A panel discussion at the National Press Club examined a study released by the Maguire Energy Institute at Southern Methodist University’s Cox School of Business addressing the economic implications of a proposed U.S. Environmental Protection Agency rule on the cement industry.
panel discussion at the National Press Club examined a study released by the
Maguire Energy Institute at Southern Methodist University’s Cox School of
Business addressing the economic implications of a proposed U.S. Environmental
Protection Agency rule on the cement industry.
in the panel discussion included the study’s author, Dr. Bernard Weinstein,
associate director, SMU Maguire Energy Institute and Mr. Michael Joyce, Director
of Legislative Affairs for the Owner-Operator Independent Drivers Association.
continued focus on jobs and associated infrastructure investment as a means of
stimulating the economy, the study focuses on how the proposed EPA National
Emission Standards for Hazardous Air Pollutants regulations on the cement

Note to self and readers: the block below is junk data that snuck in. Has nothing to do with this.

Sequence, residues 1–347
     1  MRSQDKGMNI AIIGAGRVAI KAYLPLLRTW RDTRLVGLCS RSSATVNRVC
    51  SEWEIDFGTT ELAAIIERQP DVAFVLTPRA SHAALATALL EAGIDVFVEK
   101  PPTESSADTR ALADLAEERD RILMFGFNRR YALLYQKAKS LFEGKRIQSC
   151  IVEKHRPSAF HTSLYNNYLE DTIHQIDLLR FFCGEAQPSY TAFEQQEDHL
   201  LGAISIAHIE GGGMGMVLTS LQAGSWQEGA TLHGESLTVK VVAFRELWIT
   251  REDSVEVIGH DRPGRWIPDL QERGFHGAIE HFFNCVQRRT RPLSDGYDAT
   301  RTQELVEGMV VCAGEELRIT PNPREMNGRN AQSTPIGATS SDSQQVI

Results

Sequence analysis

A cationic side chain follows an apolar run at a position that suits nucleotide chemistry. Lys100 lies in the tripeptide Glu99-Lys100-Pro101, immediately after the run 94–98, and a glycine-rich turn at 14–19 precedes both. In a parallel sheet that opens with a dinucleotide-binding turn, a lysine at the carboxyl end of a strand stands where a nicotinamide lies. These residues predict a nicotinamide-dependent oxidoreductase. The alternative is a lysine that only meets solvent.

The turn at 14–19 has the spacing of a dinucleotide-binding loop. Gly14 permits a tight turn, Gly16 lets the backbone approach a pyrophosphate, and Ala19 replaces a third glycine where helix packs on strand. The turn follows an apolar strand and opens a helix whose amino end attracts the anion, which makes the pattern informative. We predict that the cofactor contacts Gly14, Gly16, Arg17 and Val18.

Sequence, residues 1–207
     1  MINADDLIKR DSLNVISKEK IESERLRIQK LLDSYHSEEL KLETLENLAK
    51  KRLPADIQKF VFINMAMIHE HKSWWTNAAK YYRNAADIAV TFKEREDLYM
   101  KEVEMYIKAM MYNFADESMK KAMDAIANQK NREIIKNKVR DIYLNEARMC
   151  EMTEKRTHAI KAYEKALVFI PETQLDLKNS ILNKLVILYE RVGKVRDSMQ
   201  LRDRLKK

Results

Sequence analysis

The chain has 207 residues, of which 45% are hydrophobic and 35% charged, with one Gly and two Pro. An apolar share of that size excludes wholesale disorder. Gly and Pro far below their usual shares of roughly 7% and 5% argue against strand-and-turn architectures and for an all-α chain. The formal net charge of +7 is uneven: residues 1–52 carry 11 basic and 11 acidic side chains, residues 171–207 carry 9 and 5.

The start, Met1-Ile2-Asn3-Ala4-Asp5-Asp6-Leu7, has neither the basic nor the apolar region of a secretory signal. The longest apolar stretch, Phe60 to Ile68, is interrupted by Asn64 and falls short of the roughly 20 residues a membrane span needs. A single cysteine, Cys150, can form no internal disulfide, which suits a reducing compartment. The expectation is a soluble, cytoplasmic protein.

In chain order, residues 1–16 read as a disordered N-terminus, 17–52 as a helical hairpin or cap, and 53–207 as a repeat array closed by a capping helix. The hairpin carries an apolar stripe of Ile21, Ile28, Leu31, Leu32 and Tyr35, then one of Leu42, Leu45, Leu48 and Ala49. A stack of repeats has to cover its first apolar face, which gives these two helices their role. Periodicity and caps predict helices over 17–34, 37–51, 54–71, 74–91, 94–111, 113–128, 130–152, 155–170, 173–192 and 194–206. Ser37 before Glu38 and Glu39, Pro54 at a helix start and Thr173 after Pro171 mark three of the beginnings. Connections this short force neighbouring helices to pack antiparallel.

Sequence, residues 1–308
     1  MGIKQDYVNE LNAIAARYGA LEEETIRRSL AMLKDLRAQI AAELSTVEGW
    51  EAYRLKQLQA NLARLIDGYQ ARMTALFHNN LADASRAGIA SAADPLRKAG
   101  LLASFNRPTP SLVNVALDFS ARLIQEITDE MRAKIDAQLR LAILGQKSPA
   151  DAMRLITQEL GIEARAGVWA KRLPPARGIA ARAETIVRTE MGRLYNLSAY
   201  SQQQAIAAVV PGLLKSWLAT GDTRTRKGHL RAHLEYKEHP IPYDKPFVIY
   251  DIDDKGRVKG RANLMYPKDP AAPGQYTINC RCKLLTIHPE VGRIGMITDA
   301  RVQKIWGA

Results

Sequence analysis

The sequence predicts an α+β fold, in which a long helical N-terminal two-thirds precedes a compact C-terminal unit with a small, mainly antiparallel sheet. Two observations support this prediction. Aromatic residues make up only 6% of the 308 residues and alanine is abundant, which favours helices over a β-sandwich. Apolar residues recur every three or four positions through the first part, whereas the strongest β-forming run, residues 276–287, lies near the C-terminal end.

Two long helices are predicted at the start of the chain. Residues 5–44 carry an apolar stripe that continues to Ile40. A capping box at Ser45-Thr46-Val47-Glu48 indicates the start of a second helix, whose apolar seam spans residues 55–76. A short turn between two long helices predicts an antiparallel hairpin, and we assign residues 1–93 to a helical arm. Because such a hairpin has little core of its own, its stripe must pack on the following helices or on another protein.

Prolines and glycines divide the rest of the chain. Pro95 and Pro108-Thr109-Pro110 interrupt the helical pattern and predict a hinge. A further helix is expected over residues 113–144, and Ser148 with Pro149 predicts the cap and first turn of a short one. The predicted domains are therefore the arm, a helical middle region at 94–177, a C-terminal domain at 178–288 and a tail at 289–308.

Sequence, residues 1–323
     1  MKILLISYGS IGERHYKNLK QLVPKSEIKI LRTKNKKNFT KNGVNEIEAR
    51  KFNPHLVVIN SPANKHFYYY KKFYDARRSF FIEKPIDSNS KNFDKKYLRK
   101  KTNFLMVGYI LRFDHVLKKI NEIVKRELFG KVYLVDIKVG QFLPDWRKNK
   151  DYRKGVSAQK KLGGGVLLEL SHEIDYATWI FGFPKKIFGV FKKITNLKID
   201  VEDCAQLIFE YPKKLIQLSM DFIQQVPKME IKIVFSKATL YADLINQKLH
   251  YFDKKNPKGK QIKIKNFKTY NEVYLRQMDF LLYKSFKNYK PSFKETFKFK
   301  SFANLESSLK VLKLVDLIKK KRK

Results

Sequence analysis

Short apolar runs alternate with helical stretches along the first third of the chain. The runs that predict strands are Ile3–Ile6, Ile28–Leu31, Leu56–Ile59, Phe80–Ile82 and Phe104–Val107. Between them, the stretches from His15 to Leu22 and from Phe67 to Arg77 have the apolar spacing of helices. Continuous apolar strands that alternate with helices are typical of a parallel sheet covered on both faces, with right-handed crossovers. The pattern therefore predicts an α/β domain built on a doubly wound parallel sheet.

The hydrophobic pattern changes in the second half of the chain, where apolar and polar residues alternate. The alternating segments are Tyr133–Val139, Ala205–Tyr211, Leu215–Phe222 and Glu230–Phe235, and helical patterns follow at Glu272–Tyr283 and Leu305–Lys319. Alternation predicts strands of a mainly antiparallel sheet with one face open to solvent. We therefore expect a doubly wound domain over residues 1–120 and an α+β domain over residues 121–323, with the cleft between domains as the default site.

industry may affect U.S.
government initiatives to spur job creation, rehabilitate old infrastructure
and reinvest in new projects. The study also focuses on how the industry
continues to make strides to meet cement supply demand while simultaneously
reducing emissions and manufacturing its products efficiently, independent of
2008, nearly $27.5 billion of America’s
economic activity, or gross output, occurred in the cement manufacturing
industry. The industry provided 17,000 jobs directly and indirectly, it
accounted for approximately 153,000 jobs nationwide and $7.5 billion in wages
and benefits, according to research conducted by SMU Cox. The research suggests
that there will be devastating economic ramifications if the EPA rules pass.
the EPA estimates that proposed regulations on the U.S. cement industry will
result in $340 million of new costs to the cement industry and a nearly 10
percent drop in domestic cement production-forcing plants to operate at a lower
capacity or shutter operations altogether, resulting in an uptick of cement
supply importation and the sending of U.S. jobs overseas.
employment impact of the infrastructure component of future economic stimulus
programs can be impaired by as much as 40 percent if construction materials are
produced abroad,” said the study’s author, Dr. Bernard Weinstein, associate
director, SMU Maguire Energy Institute. “The total economic footprint of the
cement industry, combined with construction projects made viable by affordable
and reliable cement supplies, probably accounts for millions of jobs and more
than $1 trillion of the nation’s output.”
EPA is expected to make final NESHAP rulings on the industry in summer